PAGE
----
To determine American teenagers' awareness of and knowledge about emergency contraceptive pills and their likelihood to use them.
We conducted a nationally representative telephone survey between March 28, 1996, and May 5, 1996, of 1510 teenagers (757 girls and 753 boys), aged 12 to 18 years, living in the continental United States in households with telephones. The sample overrepresented African American, Latino, and low-income teenagers. The error attributable to sampling and other random effects for the total sample is ±3 percentage points at the 95% confidence level.
Of the 1510 teenagers, only about one quarter (23%) were aware that "anything" could be done after unprotected sex to prevent pregnancy. Slightly more (28%) had heard of "morning-after pills" or emergency contraceptive pills. Of the 423 teenagers who had heard of emergency contraceptive pills, one third (32%) did not know that a prescription is necessary to obtain them, and three quarters (78%) underestimated how long after unprotected intercourse the emergency contraceptive pill regimen could be initiated. Only 9% knew that emergency contraceptive pills are effective as long as 72 hours after unprotected sex. After being told about the option of emergency contraceptive pills, two thirds (67%) of teenaged girls said that they would be likely to use emergency contraceptive pills. Among the 66% of teenaged girls who had not previously heard of emergency contraceptive pills, 64% said that they would be likely to use them.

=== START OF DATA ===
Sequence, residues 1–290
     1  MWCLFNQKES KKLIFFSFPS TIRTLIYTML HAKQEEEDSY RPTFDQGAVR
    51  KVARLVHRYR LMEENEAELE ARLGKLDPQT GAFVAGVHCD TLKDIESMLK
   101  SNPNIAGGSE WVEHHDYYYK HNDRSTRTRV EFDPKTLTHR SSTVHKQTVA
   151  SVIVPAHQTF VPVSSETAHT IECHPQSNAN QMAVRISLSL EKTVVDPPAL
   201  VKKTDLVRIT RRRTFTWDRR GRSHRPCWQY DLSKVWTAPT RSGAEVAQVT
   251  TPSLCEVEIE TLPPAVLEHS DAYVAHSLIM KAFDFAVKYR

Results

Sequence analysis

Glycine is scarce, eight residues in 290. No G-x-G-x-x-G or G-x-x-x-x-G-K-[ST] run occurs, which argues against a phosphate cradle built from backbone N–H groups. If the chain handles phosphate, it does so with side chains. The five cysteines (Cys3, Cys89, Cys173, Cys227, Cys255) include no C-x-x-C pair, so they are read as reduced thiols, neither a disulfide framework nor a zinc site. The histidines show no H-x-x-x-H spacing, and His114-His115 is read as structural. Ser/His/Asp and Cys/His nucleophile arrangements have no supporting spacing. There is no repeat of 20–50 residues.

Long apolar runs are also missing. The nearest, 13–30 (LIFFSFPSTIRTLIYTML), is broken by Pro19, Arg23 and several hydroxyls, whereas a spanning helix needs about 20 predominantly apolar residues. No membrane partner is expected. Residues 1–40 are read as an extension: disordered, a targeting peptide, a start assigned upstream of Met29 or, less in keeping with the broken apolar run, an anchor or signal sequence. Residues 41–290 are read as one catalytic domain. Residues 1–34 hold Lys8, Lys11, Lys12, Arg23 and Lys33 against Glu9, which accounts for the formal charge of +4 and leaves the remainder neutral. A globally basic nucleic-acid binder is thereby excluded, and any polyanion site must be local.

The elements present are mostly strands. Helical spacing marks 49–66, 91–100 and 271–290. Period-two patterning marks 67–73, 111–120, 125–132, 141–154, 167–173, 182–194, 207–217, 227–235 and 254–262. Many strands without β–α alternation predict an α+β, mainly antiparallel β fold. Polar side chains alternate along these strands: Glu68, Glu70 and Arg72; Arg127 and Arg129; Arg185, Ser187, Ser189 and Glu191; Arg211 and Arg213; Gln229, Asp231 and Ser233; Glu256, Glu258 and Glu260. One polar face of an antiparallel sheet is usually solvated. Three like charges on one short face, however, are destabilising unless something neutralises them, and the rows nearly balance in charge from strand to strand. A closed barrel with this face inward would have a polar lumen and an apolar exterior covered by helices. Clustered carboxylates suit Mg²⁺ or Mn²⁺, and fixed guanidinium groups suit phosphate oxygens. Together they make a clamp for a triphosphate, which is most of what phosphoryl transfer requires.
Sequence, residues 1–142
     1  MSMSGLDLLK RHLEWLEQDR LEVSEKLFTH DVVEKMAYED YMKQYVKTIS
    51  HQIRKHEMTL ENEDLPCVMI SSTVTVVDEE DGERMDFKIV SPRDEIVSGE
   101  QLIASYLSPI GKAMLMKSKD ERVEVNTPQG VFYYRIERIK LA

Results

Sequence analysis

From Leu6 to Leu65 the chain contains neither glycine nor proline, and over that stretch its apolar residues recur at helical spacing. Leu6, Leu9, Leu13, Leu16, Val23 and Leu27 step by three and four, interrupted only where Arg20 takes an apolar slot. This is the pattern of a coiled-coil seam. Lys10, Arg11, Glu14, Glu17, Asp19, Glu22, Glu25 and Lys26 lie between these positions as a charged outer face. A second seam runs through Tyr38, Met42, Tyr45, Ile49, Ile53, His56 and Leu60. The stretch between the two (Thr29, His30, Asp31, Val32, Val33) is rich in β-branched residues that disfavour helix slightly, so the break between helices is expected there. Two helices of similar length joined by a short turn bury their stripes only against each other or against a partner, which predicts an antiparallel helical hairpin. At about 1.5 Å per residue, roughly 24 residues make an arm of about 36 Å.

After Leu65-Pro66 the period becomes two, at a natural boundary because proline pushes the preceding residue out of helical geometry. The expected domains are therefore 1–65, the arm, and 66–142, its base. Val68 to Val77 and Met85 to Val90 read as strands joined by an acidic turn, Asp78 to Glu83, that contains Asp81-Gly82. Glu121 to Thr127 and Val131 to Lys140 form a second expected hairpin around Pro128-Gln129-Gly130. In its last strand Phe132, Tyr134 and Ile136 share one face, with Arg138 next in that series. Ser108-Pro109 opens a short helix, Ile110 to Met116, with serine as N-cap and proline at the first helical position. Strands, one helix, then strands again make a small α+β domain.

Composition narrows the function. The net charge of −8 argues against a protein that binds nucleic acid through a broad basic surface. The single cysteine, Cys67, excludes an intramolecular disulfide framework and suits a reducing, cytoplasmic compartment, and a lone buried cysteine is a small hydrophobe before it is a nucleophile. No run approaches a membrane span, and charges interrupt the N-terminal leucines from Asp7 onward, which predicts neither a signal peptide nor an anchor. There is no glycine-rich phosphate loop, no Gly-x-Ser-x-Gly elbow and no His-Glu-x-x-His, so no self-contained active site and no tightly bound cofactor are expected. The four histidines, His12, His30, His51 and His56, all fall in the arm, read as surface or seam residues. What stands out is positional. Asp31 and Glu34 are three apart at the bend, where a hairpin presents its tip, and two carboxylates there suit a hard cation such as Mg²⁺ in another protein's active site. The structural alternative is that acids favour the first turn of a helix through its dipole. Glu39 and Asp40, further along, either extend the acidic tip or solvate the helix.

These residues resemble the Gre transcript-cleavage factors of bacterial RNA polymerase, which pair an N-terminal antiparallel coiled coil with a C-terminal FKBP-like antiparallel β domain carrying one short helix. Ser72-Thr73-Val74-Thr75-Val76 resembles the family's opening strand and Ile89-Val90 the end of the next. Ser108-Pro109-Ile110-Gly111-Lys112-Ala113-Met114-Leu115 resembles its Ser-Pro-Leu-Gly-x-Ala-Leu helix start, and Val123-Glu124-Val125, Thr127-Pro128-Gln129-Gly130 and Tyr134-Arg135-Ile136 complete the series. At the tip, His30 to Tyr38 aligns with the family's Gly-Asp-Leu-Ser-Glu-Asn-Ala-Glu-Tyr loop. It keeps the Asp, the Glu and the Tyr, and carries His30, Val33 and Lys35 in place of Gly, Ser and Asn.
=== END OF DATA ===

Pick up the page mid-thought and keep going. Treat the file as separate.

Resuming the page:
Emergency contraceptive pills have great potential as a tool for reducing unplanned pregnancies among teenaged girls in the United States. Few teenaged girls were aware that this option exists. Once informed, teenaged girls reported being very interested in taking emergency contraceptive pills if needed.